Well you know we've been talking about private clouds for a number of years now and I actually refer to the NIST definition from the last decade where they sort of clarify the public/private/hybrid cloud distinctions. In public clouds everybody sort of knows where we are with those and [with] hybrid clouds we sort of have a sense of what's going on there, but private clouds have sort of gone... they're sort of like the ugly stepchild.
In the early days, private cloud was just sort of vendor doublespeak. It was not really particularly private or cloud. It's just ‘we're gonna have virtualization in our data center, we're gonna call it private cloud or maybe we're going to take a public cloud and we're going to carve off some little net network partition and we're going to call it private cloud.’ So there's a lot of funny business, and hand waving about what private cloud was. That was in the early days and there's really been a lot of changes now, and if anything, private clouds are coming into their own as part of this modern hybrid IT vision and that's really what's changed. So we didn't have this modern IT vision when cloud computing hit the scene a dozen years ago.
So I'm seeing a public cloud kind of getting ‘cloud-washed’ and all sorts of things and so it's really never kind of the traditional, private cloud such as Openstack and [Apache] CloudStack and things like that.
But now that big world of hybrid IT which is a new buzzword that's being bandied about out there. Private clouds are in essence anything that exists within a data center and I'm not sure that's right. I think that we're leveraging private clouds as analogs of public cloud, and in fact they're able to do self-provisioning, they're able to do auto scaling, they're able to do all these kind of cool features. Are we losing or diluting the value of what a private cloud was, even though we never really saw it in the concept?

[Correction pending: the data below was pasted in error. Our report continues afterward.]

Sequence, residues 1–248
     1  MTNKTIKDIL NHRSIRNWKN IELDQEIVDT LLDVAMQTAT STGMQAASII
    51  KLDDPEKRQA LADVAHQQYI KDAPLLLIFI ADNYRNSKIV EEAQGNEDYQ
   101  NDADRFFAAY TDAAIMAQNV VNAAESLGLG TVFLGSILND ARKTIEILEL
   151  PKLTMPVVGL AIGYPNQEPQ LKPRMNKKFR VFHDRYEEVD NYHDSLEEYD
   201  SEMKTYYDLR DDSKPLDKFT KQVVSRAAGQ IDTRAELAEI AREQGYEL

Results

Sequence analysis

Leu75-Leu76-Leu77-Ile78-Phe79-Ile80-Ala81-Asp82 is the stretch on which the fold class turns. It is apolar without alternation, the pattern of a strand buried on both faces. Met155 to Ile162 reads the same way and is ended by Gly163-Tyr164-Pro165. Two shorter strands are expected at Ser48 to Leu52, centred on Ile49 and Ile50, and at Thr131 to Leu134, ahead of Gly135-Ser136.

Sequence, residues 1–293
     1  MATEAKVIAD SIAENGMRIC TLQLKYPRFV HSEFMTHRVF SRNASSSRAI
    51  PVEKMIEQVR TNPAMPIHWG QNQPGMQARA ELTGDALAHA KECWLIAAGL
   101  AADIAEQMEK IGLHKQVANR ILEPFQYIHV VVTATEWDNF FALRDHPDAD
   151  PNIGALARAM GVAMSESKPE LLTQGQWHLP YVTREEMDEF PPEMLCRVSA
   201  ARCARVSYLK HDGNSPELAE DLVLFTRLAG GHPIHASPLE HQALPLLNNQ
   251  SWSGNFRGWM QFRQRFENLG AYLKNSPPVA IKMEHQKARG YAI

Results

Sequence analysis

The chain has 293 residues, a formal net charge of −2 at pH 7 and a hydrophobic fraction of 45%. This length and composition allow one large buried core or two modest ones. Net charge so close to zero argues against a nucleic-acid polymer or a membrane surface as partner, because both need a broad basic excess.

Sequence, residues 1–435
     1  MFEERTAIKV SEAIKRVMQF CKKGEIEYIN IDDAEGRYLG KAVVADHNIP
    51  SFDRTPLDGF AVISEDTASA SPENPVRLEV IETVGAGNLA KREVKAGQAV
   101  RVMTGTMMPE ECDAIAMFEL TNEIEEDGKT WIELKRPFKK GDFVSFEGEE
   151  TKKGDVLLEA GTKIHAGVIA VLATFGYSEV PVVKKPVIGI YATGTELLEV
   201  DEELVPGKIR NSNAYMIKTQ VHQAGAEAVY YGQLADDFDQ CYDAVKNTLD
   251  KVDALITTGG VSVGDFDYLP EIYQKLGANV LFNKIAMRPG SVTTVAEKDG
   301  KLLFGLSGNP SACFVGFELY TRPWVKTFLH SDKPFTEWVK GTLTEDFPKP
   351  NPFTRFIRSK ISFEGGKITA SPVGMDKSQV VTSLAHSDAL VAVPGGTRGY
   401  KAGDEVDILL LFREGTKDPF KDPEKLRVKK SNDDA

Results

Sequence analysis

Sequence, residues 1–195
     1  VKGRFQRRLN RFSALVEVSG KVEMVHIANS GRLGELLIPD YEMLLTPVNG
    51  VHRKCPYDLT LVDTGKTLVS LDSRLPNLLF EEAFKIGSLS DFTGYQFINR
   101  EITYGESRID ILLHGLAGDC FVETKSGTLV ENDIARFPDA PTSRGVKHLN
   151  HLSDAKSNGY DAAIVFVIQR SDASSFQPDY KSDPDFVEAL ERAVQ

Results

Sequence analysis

Well I would say it's sort of the other way around. Now that we are fine tuning what we want from the private part of the story, and fine tuning what we want from the cloud part of the story, we're able to sort of have a better idea how private clouds fit into this overall ecosystem. So you just listed some of the core cloud based capabilities: elasticity, resilience, scalability and the automated self provisioning as well. All of these are capabilities that we look for from any cloud whether it's public or private.
And so those are becoming capabilities that are now understood as being desirable across the entire IT landscape, but even within on premises IT, which is typically virtualized or even legacy non-virtualized on premises IT. We're looking to hopefully get some of those cloud benefits as well. And this is really now an extension of the notion of ‘cloud native’ where cloud native originally meant to be ‘oh we're gonna build software for the cloud.’ Right?